In January 2007, Don Stott, a former Wall Street executive and leading Burgundy collector, hosted an event at his home in Summit, New Jersey, to sample those wines with winemaker Christoph Roumier himself, who flew in for the occasion. Barzelay was there, as was Meadows. One guest, a dedicated collector of vinyl LPs who always had a loupe in his pocket, pulled it out and scrutinized one of the bottles. All the details on the label were right, but they were reversed in their positions; the label must have been a high-quality photocopy. When sommelier Tim Kopec tasted a bottle of ’59 Roumier Bonnes-Mares, he said, “I don’t know what this is supposed to be, but this is the best Rhône I’ve had.” Six out of the eleven Kurniawan wines opened were clearly fake, the group agreed.
Over time, Barzelay had drifted from thinking Kurniawan a dupe to thinking he might be knowingly unloading fakes he had bought innocently to wondering whether Kurniawan might not be more actively involved. The Stott tasting convinced him that Kurniawan was complicit. “At that point, it became abundantly clear that this couldn’t just be somebody getting some reasonable amount of fake wine into their cellar,” Barzelay says, “that he had to know much more about what was going on.” Stott began returning many of the bottles he had bought in the Kurniawan auctions to Acker. That summer, Cru instituted a policy of destroying all empty bottles.
Separately, in Palm Beach, Bill Koch, brother of tea-party-funding Charles and David and one of the biggest wine collectors in the country, was developing his own suspicions about Kurniawan’s wines. For the past two years, Koch had been conducting a sweep of his 43,000-bottle cellar for counterfeits, and had already filed several lawsuits against auction houses and collectors. Koch had been a big buyer at Acker, and in 2007, his investigators sent four Kurniawan-sourced bottles to their respective French châteaux to be inspected, and also had three Kurniawan wines examined using gamma-ray spectrometry. The conclusion was that the bottles were likely fakes.
Kurniawan’s access to outside funds had always been a mystery, and now, suddenly, it appeared to dry up. The timing was inopportune: The Bel Air renovation was a money pit, and had devolved into eight separate lawsuits and countersuits. And despite his haul from The Cellar auctions, a few days after the Stott tasting, Acker quietly filed a $1 million lien against Kurniawan. Kapon says the debt originated with an advance to Kurniawan, but it continued to grow—insiders suspect it was because more collectors like Stott returned dubious bottles for refunds—until by the end of the year, Kurniawan would owe the auction house more than $7 million.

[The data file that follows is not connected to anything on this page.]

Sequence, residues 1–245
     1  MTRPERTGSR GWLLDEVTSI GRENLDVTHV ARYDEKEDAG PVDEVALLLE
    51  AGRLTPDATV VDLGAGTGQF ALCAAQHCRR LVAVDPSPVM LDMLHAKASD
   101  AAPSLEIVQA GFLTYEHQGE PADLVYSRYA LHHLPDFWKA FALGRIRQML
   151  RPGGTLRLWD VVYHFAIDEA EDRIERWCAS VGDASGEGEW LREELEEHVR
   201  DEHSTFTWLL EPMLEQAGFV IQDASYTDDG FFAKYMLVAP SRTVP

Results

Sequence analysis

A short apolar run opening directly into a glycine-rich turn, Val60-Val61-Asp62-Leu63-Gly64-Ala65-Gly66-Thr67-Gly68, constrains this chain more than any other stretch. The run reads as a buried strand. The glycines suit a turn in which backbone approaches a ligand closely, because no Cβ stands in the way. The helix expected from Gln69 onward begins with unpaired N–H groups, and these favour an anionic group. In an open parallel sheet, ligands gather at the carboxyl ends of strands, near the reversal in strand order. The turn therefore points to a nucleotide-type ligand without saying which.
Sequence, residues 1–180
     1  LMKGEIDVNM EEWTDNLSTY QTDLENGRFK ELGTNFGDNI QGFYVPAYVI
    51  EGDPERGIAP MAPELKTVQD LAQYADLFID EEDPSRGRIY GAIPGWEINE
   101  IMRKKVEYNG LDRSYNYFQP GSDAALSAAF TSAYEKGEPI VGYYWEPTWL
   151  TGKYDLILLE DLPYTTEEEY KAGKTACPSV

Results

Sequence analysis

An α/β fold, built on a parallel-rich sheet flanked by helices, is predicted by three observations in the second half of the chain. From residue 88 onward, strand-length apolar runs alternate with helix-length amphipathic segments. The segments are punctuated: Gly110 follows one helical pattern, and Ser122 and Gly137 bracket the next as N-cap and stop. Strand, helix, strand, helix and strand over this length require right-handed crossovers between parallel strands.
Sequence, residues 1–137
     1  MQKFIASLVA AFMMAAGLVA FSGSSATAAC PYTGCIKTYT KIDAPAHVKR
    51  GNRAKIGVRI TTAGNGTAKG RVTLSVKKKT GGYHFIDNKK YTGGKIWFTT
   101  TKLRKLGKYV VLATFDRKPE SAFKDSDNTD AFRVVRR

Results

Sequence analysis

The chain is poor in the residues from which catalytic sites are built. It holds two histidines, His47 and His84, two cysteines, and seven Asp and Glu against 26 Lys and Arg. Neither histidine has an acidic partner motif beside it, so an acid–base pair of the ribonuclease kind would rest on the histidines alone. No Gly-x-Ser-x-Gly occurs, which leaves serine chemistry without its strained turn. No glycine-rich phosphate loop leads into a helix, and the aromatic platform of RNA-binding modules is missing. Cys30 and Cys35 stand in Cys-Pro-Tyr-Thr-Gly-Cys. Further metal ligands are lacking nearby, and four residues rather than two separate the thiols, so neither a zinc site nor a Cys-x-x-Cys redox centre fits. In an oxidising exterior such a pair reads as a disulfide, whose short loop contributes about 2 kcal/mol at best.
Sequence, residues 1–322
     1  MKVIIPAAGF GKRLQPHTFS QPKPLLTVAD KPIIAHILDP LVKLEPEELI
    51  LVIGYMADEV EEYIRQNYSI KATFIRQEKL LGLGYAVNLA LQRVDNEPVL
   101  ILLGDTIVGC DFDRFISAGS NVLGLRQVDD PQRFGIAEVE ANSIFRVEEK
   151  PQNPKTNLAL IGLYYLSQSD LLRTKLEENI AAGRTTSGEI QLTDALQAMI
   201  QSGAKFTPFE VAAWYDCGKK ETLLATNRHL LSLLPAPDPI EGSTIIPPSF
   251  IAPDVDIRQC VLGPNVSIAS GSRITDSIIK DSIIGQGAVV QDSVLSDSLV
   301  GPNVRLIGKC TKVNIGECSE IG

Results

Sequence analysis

But as Kurniawan scrambled for cash throughout 2007, wine friends came to his rescue. “Can u send a mil?” he e-mailed one collector, who responded, “Can do 850k this week.” By the end of the year, Kurniawan’s debts totaled $11.5 million, and he had started cutting dangerous corners, double-pledging collateral and understating his liabilities to obtain loans.
He was also chasing new outlets to sell wine. For an April 2007 auction, Christie’s Los Angeles sent out a catalogue featuring, on the cover, six Kurniawan-sourced magnums of 1982 Le Pin, a tiny-production cult Pomerol. The château, after being tipped off by the skeptic-aficionados, determined that the bottles were clearly fakes, and demanded they be pulled. Christie’s complied. Later that year, Kurniawan privately agreed to sell $2.2 million worth of wine to Andy Gordon, a Goldman Sachs partner and chairman of the Los Angeles County Museum of Art.
If anyone had reason to doubt Kurniawan at this point, it was Kapon, but if anyone was invested in Kurniawan’s innocence, that too was Kapon, and he warned against a “Salem Witch Trial” by the “No Joy, No Luck Club,” as he dubbed anyone who was anything other than celebratory about vinous matters. Acker was planning a big auction of Rob “Big Boy” Rosania’s cellar for the following April, and Kapon arranged for it to feature another tranche of Kurniawan’s wines.
A quirk of Kurniawan’s buying patterns that caught the attention of some brokers and bidders was his sporadic interest in plonk: “third-tier, worst vintage of just really old Burgundy,” in the words of a dealer who sold to him. “Why the fuck would Rudy buy that?”
How would you fake wine, anyway? You could blend two vintages, say a bottle of ’81 Pétrus (average auction price: $1,194) and a bottle of ’83 Pétrus ($1,288), to make two bottles of ’82 Pétrus ($4,763 each). It would be the right wine and taste the right age; even if it didn’t taste exactly like ’82, it wouldn’t taste exactly like ’81 or ’83 either. Close enough. With lesser wines that didn’t historically brand their corks with the winemaker or vintage, you could simply relabel the bottle as something much more expensive, by laser-printing a new label or soaking an authentic old one off an empty bottle. More riskily, you could tamper with a blank cork, inking it with the winemaker or vintage of your choice.